Okay, the second announcement is about Amazon. Amazon just launched a new business opportunity for entrepreneurs, and the headline on CNBC says Amazon Says this Business Opportunity could Make You up to $300,000 a Year, and Here’s How to get in the Program. First of all, great copywriting, CNBC. I love that – brings people in. Last week – Thursday – Amazon announced a new business. It says almost anyone with enough savings and a desire to be their own boss can do it, and that is, staffing and operating a fleet of delivery trucks for the eCommerce giant, Amazon. The program’s called Delivery Service Partners, and it’s hoping to solve the problem of last-mile delivery. Again, last-mile delivery. With an initial investment as low as $10,000, according to Amazon, an entrepreneur can start a business that hires drivers and leases up to 40 vans to deliver packages from warehouses to homes. The drivers are gonna wear the Amazon-branded uniforms with Amazon Prime logos on the vans and the uniforms, but the businesses will be completely owned by the entrepreneurs themselves. But, you’ll have a contract with Amazon to complete deliveries. By the way, Amazon said, you don’t just have to do that, we’ve already got you deals – third-party deals-  on the ability to lease vans, and getting insurance, and buying mobile devices with data plans – they’re trying to wrap this into a nice bow for local entrepreneurs.

Look, the reason I bring these up is because last-mile is an issue. I mean, your customer’s expectations are changing. Where before, they expected things in a couple days, and then next-day, and now we’re looking at 2-hour delivery or 1-hour delivery, and how do you compete with that? There are so many great ways for you to compete with that. I mean, first of all, you too can hire some local $10.99 people that all’s they do is pick stuff up from your warehouse, picks them up from your branch, picks stuff up from your distribution center and deliver it to your customers.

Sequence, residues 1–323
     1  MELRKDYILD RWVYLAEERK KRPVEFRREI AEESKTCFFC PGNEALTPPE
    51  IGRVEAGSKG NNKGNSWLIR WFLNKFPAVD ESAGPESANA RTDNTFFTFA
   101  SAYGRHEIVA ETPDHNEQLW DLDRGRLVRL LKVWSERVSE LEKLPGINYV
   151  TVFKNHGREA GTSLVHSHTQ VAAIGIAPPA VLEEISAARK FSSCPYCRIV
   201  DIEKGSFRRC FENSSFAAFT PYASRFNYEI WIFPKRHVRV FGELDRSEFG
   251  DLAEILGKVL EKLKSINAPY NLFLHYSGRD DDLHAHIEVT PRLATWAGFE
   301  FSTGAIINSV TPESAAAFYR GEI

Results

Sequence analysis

You can do that, you don’t have to own your own trucks, you could hire someone with their own truck or their own car to be able to deliver this. Have you tested that out yet? Maybe it works, maybe it doesn’t. But, the point is, last-mile delivery is gonna be more important. The expectations are changes – changing – and we have to be able to deal with that and do our own innovation to figure out how to best serve our customers. How do we become hyper-obsessed about our customers? Kinda wrapping this back to the beginning. Hey, grab a copy of the slides with Prentis Wilson and the links at B2BeCommerceSecrets.com/2. The only thing I do ask from you is if you do like this podcast if you think it’s got some legs, some potential, would you go to iTunes or Google Play and just like it – ya know – give the stars if you could? Maybe provide a comment. Go to B2BeCommerceSecrets.com, give us some feedback, what do you like? What do you not like? What topics do you wanna have covered? We really appreciate you listening, have a great day.